Let me tell you a little story about one of the senior living communities that I work with, and how holiday decorating almost caused a mutany in the organization! The staff at this community have huge hearts, and wanted to make sure every resident felt the holiday spirit – but there were no guidelines, or plan for what this would actually look like.
The weekend after Thanksgiving, a fake tree, pine inspired, showed up and was decorated with colored lights and a hodge-podge of ornaments, from santa to silver bells. The next week another tree showed up, this time a long-needled pine with white lights and purple ribbon with lime green ornaments. By the second week in December, there were a dozen poinsettia plants in a range of colors placed throughout the halls and living areas, as well as a myriad of santas, snowmen, and nativity scenes on nearly every available surface. When one of the organization leaders came in for a meeting, she was taken aback by what appeared to be more disarray than decor in the facility. After considering her options, she asked the staff to take home the items that they had brought in; she sent the plants home with staff and family members, and asked me to help create a cohesive, comfortable holiday look.
This situation is not unusual for facilities and even in many homes! If we’re not thoughtful about our holiday decorating plan, things can go off the rails really quickly, and suddenly you’re living in a sparkling, clutter-filled space that is more difficult to live in than before.
Here is the holiday decorating approach that I took for this senior living community, and that I use in my own home:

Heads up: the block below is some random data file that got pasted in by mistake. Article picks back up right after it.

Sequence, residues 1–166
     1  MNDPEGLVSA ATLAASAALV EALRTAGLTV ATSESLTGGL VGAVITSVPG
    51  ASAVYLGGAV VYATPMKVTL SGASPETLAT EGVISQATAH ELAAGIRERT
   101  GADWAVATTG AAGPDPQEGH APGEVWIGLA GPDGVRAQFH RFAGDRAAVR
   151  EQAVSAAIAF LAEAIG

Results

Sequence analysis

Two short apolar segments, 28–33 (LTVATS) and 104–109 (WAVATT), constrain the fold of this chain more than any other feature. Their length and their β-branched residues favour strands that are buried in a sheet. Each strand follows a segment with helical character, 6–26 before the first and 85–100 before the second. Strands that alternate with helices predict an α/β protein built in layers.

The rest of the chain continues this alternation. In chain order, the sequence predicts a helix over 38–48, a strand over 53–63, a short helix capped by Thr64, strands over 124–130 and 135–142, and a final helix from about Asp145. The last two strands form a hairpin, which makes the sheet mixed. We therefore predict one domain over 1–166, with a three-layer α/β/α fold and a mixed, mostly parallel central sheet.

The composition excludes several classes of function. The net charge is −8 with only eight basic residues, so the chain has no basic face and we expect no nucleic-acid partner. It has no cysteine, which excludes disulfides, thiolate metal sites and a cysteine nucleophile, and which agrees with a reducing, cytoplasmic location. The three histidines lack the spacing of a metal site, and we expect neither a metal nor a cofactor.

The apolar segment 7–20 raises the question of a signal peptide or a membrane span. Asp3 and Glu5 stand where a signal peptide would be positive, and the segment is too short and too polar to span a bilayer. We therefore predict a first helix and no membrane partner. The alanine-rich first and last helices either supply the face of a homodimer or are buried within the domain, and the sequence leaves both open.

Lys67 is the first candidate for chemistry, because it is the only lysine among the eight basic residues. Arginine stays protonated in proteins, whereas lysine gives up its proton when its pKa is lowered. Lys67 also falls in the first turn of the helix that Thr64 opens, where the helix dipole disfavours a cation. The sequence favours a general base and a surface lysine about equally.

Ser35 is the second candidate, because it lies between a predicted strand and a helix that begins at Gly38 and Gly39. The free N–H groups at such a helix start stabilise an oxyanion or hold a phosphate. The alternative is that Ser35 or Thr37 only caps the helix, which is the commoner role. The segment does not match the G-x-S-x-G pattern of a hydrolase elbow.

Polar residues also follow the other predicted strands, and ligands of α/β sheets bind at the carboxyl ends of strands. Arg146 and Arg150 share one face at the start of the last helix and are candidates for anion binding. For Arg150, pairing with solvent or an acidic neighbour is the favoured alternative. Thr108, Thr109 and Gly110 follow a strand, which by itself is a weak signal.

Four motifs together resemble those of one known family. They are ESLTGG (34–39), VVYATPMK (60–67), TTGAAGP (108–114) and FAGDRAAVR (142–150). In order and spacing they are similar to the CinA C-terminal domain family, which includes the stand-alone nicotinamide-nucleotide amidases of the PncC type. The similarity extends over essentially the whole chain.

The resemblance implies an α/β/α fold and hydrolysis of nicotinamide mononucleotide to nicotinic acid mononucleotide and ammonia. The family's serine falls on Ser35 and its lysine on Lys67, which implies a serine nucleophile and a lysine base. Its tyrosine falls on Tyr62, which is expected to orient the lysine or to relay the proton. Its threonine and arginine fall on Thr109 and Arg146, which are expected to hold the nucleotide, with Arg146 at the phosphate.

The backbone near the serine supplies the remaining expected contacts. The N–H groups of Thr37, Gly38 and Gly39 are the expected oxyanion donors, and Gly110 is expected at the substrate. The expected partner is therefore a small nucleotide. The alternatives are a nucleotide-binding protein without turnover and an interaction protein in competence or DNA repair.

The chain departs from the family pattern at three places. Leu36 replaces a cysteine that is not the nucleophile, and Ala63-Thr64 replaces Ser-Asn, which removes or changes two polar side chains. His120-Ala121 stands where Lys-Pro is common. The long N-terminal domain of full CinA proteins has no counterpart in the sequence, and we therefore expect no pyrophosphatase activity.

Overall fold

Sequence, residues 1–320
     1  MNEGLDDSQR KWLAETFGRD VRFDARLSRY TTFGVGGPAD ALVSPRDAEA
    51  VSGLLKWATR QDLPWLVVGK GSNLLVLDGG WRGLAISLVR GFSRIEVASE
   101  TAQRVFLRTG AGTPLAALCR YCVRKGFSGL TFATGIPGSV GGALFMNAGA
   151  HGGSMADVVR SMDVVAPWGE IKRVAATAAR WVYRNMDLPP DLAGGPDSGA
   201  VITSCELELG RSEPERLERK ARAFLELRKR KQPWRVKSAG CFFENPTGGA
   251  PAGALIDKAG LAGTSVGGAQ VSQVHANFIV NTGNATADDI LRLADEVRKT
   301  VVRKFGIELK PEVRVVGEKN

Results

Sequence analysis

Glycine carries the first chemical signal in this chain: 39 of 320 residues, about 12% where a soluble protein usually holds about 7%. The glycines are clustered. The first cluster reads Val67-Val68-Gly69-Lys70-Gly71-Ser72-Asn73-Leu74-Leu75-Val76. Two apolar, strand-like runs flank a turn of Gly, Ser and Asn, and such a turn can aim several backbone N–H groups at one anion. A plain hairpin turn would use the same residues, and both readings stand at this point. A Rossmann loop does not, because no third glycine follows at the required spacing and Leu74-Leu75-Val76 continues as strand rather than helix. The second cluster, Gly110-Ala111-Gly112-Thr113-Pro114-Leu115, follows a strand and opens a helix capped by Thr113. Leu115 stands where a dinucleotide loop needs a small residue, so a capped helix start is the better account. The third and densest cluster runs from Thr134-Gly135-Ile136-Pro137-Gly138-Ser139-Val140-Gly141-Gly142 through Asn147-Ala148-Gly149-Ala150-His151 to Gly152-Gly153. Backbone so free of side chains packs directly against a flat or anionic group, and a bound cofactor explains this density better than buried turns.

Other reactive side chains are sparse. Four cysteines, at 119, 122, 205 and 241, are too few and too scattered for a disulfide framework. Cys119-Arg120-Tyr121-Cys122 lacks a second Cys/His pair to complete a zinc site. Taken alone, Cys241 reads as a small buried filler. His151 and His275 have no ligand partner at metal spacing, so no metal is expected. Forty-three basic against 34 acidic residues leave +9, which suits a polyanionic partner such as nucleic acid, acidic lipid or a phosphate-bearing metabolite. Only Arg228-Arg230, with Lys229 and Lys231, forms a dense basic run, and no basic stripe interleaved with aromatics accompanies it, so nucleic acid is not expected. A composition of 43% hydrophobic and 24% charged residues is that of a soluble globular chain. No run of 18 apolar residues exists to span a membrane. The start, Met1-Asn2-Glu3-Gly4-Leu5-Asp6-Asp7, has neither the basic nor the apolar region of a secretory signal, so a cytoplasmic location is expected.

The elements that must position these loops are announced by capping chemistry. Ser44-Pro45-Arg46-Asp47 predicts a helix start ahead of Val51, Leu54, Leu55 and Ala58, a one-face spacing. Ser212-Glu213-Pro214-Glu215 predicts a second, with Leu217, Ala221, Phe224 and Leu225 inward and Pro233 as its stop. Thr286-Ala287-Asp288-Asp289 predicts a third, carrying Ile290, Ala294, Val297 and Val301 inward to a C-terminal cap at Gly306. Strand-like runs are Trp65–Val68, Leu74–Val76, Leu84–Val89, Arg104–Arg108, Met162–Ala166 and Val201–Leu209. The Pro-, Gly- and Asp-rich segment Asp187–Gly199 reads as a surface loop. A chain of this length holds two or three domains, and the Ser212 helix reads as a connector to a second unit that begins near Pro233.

1. Start with the basics.
Choose pieces that will give you the holiday feel that you’re seeking, without taking over your entire space. Some great, basic starting points include:
- Sofa table
2. Choose a color theme and stick with it.
One of my favorite themes is a neutral, natural look with white lights, craft paper, and beige and champagne colors, like this:
Photo reference: With Love From Kat
A more traditional palate is red and green, and there are many beautiful variations on this, including the use of lime!
Photo reference: Better Homes & Gardens
And you can even get away with much more non-traditional color schemes, like shades of blue, brown and dark metallics, or even pink – but only if you stick to your palate!
3. Eliminate decorations that are actually clutter.
Ask yourself, are my decorations getting in the way of actually living and functioning well in the space?
Photo reference: Liz Marie Blog
There are a number of things done completely right in this holiday design:
- Holiday wall art is used in place of regular art, not in addition to it
- Holiday pillows and throws are used in place of year-round accessories, not in addition to them
- The end table is used for holiday decor, but not so much that you can’t use it for it’s primary purpose – to set drinks on and have coasters available
I hope these quick tips will save you from a cluttered holiday this year! I’ll be fighting the good fight at my own house, since my husband loves a multi-colored look everywhere, and as I mentioned above, I’m more of a natural gal. I’m still trying to come up with a way to accommodate both of our sensibilities!
And for all of your interior decor projects, always remember, less is best!